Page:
Moreover, she said that when her son's squad leader visits her homebound son, his bad day disappears.
"He can be really down, but when he sees those ACUs (Army Combat Uniform)," she said, "his eyes light up and his demeanor changes. They really care about those Soldiers, and it's not because I work here and he's my son: He's first, and foremost, a Soldier."
Life Beyond the Army
Once WTB Soldiers heal and are ready to transition, they have two options: Soldiering on or moving on in civilian life.
"Of course we want our Soldiers to get back into the fight," Thomas said, "but we understand that some can't, so we want them to transition successfully as veterans."
To help Soldiers in that process is WTB's internship program, which program director Anthony Thomas said often translates to full-time employment in a federal agency.
"It doesn't matter what skill set an agency is looking for. They just want Soldiers to come in and be willing to learn," he said. "It's not about meeting certain criteria or what their MOS was, it's about bringing different dynamics to the team, such as discipline, leadership and ethics."
In fact, Sgt. 1st Class Johhny Shull, who said getting out of the military after 22 years is pretty much like falling off a cliff, knew his fuel-handling experiences wouldn't land him a job, however, after attending WTB's November career fair, he found out his management, administration and bookkeeping skills would.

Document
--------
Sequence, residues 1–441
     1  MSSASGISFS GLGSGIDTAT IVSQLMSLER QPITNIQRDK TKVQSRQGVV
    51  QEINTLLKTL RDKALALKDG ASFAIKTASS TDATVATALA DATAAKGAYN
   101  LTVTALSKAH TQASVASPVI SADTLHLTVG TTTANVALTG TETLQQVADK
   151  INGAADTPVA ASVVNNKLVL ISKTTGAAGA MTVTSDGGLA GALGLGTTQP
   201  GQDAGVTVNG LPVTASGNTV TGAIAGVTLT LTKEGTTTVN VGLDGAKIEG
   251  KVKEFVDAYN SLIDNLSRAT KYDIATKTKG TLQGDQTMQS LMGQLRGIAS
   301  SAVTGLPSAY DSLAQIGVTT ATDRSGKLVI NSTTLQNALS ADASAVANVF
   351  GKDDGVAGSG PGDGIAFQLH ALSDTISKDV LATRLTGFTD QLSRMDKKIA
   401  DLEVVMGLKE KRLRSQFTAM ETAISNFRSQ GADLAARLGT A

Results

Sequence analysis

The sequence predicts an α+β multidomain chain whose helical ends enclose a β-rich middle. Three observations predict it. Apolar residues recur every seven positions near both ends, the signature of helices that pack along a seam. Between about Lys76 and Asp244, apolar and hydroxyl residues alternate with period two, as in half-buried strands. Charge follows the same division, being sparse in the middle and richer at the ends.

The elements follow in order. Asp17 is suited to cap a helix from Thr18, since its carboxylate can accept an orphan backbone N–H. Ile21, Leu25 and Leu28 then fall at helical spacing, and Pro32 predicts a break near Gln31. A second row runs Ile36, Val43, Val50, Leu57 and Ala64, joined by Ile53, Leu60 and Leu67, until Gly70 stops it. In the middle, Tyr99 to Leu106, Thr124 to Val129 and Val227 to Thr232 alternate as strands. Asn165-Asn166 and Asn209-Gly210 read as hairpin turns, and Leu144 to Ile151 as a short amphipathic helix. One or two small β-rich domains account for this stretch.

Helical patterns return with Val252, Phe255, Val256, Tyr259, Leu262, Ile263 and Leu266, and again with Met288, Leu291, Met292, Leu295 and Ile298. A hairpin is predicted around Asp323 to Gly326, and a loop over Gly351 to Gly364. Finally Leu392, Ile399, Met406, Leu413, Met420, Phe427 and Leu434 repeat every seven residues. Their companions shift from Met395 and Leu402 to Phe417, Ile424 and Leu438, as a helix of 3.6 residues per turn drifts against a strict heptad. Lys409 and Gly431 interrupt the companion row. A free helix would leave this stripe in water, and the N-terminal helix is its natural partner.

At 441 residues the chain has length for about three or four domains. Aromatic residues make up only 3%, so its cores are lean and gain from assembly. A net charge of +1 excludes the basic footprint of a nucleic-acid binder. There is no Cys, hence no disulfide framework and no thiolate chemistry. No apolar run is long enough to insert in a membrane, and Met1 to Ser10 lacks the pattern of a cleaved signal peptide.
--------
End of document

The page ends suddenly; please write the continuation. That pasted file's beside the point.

"Knowing that and learning how to tailor my resume has boosted my confidence in finding a job," he said, adding that he is hoping to start an internship soon with the Army Corps of Engineers.
Sgt. 1st Class Benjamin Paschall's internship with Fort Hood's Directorate for Emergency Services is his dream job, he said, and he is grateful to the WTB for having the program. Because when he got out in 1988 after serving eight years active duty, all he got was a handshake.
"That was it. You're on your own," he, who at the time was married and had two kids, said. "Today, they find you a job. Everything is waiting for you. All you have to do is apply yourself."
Nothing is more rewarding for Thomas, he said, then seeing the fear disappear from the faces of his Soldiers when they land jobs.
"There's an enoromous amount of worry and stress on both the Soldier and the Family during the transitioning process, because they're venturing into the unknown," he said. "That's why it's such a beautiful thing to witness the Soldier go from intern to direct hire."
Although Madden expects to leave the Army within six months, he said his time here as been valuable in helping him heal and develop skills to help him succeed in the civilian world. He's also thankful that the Army didn't forget about his Family in the process.
Fifty-four-year-old Sgt. James Earl Jones of Company C is grateful to the WTB for giving him the gift of time: time to heal, time to go to school and time to sort things out. A supply technician with the Texas National Guard, Jones credited the WTB with helping him eventually return to the fight because he's been able to focus on healing and keeping him on point.
"It's a blessing, really, that someone put this kind of plan in place, because without a WTB, I probably would've have been medically discharged," he said.
And that's what Janique Parnall likes to hear.
"The idea is when you transition out of here, you can say for having been here and the services that we've provided, you have determined that you're a better person," Parnall said, "Outside of making sure you're safe, we've gotten you connected to the right person and the right places for care. The rest is up to you."